Promotion and publicity is a tough game in the world of performing arts. It's a heady maze to stay ahead of the game, site specific work and quirky devised formats seem to hold the heads of traditional writing firmly under the water, so enamoured are they with the general arts bonhomie. In a world where the stunt is the thing, independent new writing has a complex dilemma in how to generate interest whilst remaining integral and relevant to the piece.
Seeing as the show begins from the pages of the personal ads, I decided it'd be a good idea to revisit my initial research for WLTM = (Bait&Switch), delving deep into the personals once again. During my initial research, I purged through many personals both in newspapers and online. I placed a few bogus ads and watched as a few tentative replies came in. I didn't pursue after the initial contact, as I wanted to build the narrative from that initial, tentative uncertainty. The hallmarks of first dates; the skittish awkwardness and nervousness, but also how much people gave about themselves as an introduction. I would love to write in more detail about how much these responses inspired many elements of the show, but the truth is this original draft was very different from the play as it is now. That original draft bears little resemblance to the finished article; it was a four person monologue show which in the end became so mouthy and, dare I say it, boring that I had to change tact. Looking back, I think I over-reached myself somewhat, the play was shoehorned with characters with a little less grace than Spiderman 3. The whole narrative was in drastic need of focusing, so I took on the key elements of the story which I wanted to remain, trimmed the cast to two and so began the show as it is now.
The personal ads in the show are from the newspaper, as opposed to the internet. Maybe it's some kind of snobbishness, but I felt it was deeply necessary to make that distinction clear in the narrative. Of course nowadays the internet is clearly the preferred medium, but it was important to contextualise it for the newspaper personals; the reason being was initially that I didn't want to make it too 'faddish' but moreso that I didn't want it to be too familiar to people. Social networking and internet dating have adapted into a highly accessible medium. The art of online seduction is too easy. I wanted the characters to be immersed in a sub-culture. The personal ads, antiquated but still going strong, seemed ideal. In meeting they could be discreet, but the format and the process in getting there required a full commitment.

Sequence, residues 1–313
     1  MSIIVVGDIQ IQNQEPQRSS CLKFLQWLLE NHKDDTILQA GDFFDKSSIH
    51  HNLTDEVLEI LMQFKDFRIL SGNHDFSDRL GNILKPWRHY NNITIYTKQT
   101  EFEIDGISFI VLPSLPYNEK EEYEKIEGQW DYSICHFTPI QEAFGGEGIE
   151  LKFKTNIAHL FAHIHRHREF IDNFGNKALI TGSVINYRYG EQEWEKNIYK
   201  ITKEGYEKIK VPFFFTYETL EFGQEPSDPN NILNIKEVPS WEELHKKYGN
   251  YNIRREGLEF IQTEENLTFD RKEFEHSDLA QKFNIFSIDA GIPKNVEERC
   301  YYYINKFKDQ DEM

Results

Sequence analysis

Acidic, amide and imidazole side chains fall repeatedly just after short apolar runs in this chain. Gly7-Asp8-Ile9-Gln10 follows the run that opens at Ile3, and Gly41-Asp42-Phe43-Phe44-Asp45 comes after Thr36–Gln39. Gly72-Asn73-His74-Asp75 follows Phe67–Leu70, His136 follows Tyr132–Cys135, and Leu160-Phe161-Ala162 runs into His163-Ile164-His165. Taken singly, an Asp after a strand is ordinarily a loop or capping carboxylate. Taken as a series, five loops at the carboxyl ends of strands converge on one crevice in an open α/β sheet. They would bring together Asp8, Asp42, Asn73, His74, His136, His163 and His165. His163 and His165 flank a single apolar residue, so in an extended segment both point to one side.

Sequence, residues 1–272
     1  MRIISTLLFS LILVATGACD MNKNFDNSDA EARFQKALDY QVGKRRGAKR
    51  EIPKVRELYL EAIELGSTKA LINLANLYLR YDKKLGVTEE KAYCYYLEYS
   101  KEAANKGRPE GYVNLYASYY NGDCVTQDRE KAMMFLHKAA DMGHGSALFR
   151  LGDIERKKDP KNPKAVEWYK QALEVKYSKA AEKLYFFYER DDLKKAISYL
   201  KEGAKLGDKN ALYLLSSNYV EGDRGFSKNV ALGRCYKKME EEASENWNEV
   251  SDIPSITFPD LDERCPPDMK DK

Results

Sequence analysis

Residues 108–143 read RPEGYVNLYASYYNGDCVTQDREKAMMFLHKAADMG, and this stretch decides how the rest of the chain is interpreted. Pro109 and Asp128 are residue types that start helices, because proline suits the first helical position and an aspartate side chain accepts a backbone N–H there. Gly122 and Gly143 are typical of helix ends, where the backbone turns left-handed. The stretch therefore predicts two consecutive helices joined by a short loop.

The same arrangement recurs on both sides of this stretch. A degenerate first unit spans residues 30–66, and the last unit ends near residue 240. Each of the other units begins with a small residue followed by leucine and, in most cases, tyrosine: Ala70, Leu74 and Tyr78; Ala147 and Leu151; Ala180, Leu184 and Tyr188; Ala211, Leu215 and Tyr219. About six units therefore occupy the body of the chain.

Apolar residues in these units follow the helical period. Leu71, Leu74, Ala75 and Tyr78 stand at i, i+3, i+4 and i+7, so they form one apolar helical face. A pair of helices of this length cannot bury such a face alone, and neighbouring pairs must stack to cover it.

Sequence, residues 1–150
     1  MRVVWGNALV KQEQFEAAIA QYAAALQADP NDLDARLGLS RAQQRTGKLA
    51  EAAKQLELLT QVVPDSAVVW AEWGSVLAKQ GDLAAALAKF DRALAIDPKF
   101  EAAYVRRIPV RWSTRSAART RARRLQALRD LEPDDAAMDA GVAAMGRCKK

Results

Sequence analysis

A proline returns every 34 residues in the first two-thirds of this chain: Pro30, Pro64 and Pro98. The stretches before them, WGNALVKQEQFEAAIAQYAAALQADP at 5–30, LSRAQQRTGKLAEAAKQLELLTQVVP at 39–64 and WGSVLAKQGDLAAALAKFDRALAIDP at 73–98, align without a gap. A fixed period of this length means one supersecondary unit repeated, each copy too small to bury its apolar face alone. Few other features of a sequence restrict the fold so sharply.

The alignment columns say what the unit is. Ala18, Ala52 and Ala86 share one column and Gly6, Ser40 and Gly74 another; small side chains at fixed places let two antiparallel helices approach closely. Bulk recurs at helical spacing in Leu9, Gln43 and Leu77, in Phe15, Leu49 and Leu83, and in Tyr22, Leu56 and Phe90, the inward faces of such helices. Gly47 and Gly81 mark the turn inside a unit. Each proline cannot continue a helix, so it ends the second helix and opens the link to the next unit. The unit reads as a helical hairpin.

I could expand further, but I think that will do for tonight. They're in the newspaper because the internet seemed effortless and easy. And with less than two weeks to go, frantically racking my brains with Ru for a promotional solution, this was effortless and easy (click for larger)
I placed another ad! Pretty plain, I thought... mildly intriguing but little more. Now my next hope was to see what tentative responses I might get. Well, there's a reason for the delay in posting this blog, and for blanking out that text number too. The responses weren't tentative at all. They were immense, and unrelenting.
Almost sixty emails, and the text phone has simply not stopped ringing or going off. I think the texts must be approaching seventy, so far. Clearly this was unprecedented... but all these people? It seems too good to waste. Some of the effort they've gone to has really impressed me. It's only fair that I reward that intrigue. Question is, can I get any of them to go on an actual, real life date?
Better still, can I get them to come on a date to the Oxford Arms in Camden on opening night just before curtain up?... Find out more in part two...